When we think of British food, a few key dishes come to mind: fish and chips, the full English breakfast, and desserts like fruitcake and bread pudding—just to name a few. But here at Fresh, one of our favourite British traditions is high tea. We love the delicate finger sandwiches, the matching china, and most important, the scones! Curious about the origins of this iconic British baked good, we did a little research. Here’s what we discovered…
- Some say the word scone (pronounced scon or scone), comes from the Dutch “schoonbrot,” which translates as “beautiful bread.” Others believe this quintessential quickbread from the early 1500s takes its name from the Stone of Destiny (or Scone), where Scottish kings were once crowned.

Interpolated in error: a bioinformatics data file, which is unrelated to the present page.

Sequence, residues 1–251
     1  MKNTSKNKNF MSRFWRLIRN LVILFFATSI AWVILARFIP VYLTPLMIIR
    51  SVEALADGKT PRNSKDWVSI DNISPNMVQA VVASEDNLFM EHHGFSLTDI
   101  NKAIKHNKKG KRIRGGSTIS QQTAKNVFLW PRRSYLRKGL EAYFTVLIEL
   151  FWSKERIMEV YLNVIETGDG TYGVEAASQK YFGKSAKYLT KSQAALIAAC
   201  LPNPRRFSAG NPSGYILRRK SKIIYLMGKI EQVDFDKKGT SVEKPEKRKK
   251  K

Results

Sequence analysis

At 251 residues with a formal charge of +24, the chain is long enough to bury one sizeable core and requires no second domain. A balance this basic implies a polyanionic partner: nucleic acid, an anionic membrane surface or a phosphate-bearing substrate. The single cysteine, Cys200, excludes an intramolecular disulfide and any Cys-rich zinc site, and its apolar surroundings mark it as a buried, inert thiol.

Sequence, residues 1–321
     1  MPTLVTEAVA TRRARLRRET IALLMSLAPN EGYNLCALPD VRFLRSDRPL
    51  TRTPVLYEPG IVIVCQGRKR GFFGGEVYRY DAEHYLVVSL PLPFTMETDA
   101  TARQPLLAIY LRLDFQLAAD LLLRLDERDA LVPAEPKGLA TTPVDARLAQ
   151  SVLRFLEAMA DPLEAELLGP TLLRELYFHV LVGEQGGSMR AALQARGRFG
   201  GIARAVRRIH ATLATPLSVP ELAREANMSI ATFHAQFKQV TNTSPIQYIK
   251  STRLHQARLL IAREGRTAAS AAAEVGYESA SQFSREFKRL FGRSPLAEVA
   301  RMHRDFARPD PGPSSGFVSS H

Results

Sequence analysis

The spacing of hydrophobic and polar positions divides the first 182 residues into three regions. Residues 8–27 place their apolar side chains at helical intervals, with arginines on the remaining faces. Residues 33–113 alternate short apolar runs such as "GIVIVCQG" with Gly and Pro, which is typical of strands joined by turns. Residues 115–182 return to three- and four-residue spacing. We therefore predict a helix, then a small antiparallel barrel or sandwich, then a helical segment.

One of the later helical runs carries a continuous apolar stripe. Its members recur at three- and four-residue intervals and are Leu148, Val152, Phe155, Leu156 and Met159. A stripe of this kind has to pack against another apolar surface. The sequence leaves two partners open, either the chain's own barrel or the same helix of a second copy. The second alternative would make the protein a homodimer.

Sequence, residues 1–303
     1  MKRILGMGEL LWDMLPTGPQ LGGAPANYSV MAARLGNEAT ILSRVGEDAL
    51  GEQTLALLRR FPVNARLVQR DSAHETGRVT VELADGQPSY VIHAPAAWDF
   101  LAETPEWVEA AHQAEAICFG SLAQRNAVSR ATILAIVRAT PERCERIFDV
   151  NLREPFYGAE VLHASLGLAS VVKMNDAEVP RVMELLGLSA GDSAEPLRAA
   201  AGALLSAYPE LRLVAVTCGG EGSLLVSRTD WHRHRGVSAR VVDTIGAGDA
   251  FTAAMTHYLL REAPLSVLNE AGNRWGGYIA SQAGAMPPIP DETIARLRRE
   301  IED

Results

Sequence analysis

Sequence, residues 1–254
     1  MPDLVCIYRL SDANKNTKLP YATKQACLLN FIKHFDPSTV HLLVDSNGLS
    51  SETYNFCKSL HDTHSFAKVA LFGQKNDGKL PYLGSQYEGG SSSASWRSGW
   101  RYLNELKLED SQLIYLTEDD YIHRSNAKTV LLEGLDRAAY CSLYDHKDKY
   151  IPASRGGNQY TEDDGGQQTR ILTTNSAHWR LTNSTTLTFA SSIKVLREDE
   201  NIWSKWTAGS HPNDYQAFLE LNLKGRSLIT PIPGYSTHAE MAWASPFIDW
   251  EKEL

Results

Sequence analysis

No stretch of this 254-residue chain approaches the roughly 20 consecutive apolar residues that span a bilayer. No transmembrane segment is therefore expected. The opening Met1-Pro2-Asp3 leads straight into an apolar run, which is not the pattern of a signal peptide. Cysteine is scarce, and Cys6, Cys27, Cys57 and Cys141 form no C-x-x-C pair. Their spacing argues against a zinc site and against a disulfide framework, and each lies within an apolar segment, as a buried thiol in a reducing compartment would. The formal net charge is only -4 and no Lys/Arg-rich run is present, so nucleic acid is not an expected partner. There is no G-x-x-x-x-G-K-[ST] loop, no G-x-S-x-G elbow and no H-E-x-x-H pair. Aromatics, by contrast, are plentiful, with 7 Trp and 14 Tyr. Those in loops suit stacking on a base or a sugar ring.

- While the original scone was made with oats baked on a griddle and cut into triangles, today’s scones are made with flour, cut into triangles or circles and baked in the oven.
- For a traditional British tea, you serve clotted cream, jam and a pot of tea (made with tea leaves, of course!), alongside a basket of piping hot scones, golden on the outside and light and fluffy on the inside.